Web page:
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Mad Cow U.S.A.: Could the Nightmare Happen Here?
by Sheldon Rampton and John Stauber
The bizarre infectious agent that causes mad cow disease has now produced two U.S. Nobel prizewinners, 22 confirmed deaths in Europe, and fears that thousands more may follow, along with an economic catastrophe for the European meat industry. In the United States, however, it has barely made a dent in the deadly complacency of industry and government regulators.
Mad cow disease, technically called bovine spongiform encephalopathy or BSE, belongs to a class of fatal brain dementias known as "transmissible spongiform encephalopathies" or TSEs. They have raised enormous concern in Europe because of their unique nature. They are remarkably resistant to disinfection, almost impossible to detect in live animals, 100% fatal, and can take years or even decades to incubate before symptoms emerge, giving the disease ample time to spread to others before it is detected.
"If an evil force could devise an agent capable of damaging the human race, he would make it indestructible, distribute it as widely as possible in animal feed so that it would pass to man, and program it to cause disease slowly so that everyone would have been exposed to it before there was any awareness of its presence," observes British microbiologist Richard Lacey, a leading critic of his country's policies for dealing with BSE. These characteristics of the TSEs were what enabled mad cow disease to infect large numbers of British cattle.
A disease this insidious is capable of slipping below the radar of even the most extensive surveillance, yet in the United States complacency has been ensured by government and industry spin control which endlessly harps on the point that mad cow disease has not yet been detected here--even though the U.S. has seen outbreaks of a variety of other TSEs, some of which are in fact unique here or more comman than anywhere else in the world.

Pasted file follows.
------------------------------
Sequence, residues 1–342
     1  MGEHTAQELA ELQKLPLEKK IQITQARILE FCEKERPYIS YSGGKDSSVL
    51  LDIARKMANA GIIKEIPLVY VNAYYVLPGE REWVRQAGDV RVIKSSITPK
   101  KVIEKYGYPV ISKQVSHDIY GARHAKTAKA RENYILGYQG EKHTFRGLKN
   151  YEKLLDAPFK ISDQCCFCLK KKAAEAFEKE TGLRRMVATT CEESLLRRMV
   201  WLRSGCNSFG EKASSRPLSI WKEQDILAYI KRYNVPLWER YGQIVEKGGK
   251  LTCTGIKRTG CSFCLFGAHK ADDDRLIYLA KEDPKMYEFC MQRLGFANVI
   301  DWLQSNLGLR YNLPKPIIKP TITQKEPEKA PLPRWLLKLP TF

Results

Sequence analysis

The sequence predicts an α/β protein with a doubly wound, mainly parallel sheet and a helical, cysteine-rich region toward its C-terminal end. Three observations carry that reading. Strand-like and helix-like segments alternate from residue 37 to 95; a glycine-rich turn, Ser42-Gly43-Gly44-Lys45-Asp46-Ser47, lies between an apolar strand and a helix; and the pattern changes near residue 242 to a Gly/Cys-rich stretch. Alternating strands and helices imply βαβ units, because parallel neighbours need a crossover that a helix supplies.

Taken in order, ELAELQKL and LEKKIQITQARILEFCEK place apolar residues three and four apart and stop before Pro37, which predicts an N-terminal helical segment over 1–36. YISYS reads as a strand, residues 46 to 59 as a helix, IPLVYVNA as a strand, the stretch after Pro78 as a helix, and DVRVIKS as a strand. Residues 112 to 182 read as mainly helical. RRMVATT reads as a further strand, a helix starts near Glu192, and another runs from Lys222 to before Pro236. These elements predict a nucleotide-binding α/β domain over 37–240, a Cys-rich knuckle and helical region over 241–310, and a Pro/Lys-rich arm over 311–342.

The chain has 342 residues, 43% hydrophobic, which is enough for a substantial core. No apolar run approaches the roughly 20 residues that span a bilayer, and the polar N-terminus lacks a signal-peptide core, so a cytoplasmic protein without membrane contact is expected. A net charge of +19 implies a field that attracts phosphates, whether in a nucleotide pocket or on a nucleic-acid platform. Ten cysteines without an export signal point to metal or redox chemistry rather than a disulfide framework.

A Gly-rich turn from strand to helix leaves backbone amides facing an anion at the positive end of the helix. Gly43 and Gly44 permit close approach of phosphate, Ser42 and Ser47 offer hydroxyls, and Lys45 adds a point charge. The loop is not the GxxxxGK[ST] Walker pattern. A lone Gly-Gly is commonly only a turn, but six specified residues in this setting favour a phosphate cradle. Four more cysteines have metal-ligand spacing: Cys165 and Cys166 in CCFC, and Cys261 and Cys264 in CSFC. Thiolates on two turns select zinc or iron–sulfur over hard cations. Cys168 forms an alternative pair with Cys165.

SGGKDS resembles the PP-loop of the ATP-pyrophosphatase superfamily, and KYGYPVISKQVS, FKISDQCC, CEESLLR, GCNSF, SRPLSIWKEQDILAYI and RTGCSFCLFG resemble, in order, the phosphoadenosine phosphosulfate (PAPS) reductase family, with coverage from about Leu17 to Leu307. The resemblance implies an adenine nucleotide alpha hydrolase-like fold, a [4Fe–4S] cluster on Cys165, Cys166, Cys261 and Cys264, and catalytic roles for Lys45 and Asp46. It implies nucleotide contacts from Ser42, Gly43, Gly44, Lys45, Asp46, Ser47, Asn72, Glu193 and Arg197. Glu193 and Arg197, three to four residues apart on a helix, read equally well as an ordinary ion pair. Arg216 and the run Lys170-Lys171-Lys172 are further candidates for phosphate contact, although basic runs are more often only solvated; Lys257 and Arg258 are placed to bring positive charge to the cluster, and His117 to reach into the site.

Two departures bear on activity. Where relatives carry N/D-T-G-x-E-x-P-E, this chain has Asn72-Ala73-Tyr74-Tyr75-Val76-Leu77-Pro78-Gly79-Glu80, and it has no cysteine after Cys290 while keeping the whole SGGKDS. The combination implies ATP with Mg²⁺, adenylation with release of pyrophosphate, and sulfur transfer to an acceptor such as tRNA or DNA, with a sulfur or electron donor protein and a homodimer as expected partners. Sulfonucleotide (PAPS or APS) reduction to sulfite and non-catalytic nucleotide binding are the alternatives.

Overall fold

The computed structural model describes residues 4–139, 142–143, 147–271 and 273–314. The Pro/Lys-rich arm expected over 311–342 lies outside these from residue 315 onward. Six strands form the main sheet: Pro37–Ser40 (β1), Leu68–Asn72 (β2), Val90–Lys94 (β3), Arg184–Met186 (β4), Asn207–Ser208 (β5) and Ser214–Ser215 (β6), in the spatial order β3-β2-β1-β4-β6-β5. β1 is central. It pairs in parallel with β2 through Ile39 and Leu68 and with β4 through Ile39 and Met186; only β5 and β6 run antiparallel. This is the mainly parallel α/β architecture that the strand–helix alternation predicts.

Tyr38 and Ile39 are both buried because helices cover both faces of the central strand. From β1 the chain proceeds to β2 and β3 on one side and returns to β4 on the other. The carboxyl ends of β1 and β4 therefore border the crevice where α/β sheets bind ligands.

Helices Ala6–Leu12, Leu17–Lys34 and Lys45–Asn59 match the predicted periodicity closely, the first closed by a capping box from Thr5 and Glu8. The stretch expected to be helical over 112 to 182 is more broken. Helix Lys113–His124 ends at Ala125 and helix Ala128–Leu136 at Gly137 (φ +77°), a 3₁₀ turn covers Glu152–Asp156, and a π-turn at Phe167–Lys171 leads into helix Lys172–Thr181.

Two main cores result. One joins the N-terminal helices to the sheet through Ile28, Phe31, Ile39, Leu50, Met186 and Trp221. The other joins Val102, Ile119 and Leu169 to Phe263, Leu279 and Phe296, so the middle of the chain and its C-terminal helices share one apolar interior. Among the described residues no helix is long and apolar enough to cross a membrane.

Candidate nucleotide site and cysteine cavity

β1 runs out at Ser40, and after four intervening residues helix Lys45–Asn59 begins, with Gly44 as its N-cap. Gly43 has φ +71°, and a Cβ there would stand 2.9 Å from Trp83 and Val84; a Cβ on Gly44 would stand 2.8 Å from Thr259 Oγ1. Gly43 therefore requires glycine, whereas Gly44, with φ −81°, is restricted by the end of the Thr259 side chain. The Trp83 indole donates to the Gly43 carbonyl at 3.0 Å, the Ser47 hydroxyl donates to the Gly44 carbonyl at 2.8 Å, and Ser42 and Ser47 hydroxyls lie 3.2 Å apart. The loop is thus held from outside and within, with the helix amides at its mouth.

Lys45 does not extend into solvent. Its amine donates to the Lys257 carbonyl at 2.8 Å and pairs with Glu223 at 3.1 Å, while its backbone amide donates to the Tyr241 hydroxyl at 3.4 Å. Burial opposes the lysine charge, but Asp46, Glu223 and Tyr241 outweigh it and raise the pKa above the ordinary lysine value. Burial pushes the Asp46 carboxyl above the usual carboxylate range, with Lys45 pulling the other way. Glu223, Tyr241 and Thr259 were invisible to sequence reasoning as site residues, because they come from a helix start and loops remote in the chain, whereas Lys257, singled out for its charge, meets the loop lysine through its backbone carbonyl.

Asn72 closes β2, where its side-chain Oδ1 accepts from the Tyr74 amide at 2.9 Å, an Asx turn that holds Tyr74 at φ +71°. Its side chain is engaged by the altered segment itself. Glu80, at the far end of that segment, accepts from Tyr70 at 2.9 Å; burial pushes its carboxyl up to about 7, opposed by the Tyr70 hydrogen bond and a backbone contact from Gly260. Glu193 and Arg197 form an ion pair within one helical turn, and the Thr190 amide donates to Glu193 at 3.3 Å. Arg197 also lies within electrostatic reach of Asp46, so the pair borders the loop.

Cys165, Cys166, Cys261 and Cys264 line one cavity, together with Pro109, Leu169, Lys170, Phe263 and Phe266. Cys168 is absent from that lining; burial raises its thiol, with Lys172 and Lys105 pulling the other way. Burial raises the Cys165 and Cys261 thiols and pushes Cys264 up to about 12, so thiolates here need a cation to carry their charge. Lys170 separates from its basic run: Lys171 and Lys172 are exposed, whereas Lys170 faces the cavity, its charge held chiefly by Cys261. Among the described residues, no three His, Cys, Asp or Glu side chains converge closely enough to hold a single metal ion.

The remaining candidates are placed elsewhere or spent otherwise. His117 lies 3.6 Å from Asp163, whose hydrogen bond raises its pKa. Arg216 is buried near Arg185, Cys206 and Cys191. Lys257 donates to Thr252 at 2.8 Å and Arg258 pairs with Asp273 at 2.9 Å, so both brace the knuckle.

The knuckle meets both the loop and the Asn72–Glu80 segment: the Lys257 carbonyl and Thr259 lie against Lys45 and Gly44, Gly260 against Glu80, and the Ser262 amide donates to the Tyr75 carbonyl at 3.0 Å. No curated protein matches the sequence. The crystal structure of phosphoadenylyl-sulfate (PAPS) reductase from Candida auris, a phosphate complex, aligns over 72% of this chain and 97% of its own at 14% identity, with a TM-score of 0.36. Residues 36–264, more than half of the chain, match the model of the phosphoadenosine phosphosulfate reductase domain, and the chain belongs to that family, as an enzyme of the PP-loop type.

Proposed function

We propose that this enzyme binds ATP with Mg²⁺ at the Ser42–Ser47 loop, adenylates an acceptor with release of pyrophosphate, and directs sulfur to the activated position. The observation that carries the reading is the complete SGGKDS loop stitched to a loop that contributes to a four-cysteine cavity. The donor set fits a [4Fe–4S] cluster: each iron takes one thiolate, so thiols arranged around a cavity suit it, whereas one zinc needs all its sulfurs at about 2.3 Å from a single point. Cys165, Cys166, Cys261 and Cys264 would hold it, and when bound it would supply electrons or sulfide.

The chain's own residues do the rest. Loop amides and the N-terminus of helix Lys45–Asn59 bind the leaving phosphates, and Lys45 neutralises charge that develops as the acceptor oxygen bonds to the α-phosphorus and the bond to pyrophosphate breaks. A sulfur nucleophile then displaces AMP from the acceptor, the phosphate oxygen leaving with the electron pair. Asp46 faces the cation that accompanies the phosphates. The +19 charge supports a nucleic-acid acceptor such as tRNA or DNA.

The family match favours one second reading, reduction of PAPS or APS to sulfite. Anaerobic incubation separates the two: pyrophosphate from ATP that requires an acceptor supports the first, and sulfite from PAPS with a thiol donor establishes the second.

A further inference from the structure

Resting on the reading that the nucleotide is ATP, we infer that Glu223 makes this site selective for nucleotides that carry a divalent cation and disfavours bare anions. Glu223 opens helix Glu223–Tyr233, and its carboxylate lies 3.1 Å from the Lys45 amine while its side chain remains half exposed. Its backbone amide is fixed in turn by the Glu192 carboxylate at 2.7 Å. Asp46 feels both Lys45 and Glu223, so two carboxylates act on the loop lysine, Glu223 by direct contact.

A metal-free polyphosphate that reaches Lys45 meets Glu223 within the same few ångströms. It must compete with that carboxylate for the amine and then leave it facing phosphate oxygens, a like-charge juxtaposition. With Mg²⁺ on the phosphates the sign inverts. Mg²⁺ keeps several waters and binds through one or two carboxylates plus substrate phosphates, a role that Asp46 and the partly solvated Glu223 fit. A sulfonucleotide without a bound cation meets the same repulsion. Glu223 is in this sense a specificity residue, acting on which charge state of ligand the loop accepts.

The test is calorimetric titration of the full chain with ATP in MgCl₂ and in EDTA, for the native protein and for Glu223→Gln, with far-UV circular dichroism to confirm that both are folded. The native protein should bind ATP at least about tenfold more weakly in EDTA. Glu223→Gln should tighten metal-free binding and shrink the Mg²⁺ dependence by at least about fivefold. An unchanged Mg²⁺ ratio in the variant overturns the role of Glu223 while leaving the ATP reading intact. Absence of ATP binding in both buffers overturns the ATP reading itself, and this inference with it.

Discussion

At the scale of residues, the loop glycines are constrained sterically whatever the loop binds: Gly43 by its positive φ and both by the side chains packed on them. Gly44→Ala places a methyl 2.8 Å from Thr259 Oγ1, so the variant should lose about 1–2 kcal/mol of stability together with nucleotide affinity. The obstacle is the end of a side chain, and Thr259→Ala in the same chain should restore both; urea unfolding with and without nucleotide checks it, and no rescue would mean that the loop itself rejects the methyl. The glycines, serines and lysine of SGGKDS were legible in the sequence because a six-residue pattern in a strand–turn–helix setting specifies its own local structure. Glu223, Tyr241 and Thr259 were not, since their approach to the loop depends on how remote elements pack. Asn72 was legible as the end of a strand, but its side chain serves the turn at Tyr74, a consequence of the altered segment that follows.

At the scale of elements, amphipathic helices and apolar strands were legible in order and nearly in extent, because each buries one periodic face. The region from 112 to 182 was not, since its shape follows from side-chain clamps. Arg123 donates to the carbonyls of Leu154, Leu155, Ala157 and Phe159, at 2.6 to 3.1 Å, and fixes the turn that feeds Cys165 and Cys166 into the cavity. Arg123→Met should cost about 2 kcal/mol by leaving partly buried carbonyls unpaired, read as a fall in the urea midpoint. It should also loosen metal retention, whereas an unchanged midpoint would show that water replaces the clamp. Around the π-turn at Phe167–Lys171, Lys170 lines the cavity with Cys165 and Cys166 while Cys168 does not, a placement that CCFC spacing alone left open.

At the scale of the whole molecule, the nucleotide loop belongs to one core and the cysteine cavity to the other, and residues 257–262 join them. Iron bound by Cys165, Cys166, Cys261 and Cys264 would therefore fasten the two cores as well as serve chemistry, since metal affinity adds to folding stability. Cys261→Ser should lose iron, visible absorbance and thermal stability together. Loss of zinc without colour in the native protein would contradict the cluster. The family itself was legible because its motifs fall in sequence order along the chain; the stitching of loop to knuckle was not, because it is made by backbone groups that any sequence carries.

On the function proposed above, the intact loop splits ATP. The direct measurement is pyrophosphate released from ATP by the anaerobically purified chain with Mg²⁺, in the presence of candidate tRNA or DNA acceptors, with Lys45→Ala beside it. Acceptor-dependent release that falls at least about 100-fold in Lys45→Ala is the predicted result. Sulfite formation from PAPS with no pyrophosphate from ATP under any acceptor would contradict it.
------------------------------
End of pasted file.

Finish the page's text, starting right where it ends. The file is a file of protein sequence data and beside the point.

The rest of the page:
Everything's Fine So Far
"BSE is NOT in the United States," insists an internet web page maintained by the Animal and Plant Health Inspection Service of the U.S. Department of Agriculture (emphasis in the original). It bases this claim on its postmortem surveillance program, which has examined the brains of more than 5,000 U.S. cattle.
Unfortunately, the TSEs have one more unique characteristic which undermines this argument. Unlike any other known transmissible diseases, they seem to emerge "spontaneously," even in uninfected populations--a characteristic which can be explained, perhaps, by California biochemist Stanley Prusiner, whose "prion theory" recently won him a Nobel prize.
The prion, Prusiner says, is a new type of infectious agent which, unlike all others, can reproduce without DNA or RNA--the genetic coding materials needed for reproduction by all known life forms, from microbes to plants to human beings.
Prions, by contrast, are sticky, infectious proteins which reproduce through another means entirely. They are made of healthy proteins which have gotten bent out of shape--"flipped or folded from their usual conformation" in Prusiner's words--into a new, deadly shape which enables them to rub up against other healthy proteins and recruit them into also becoming strangely folded.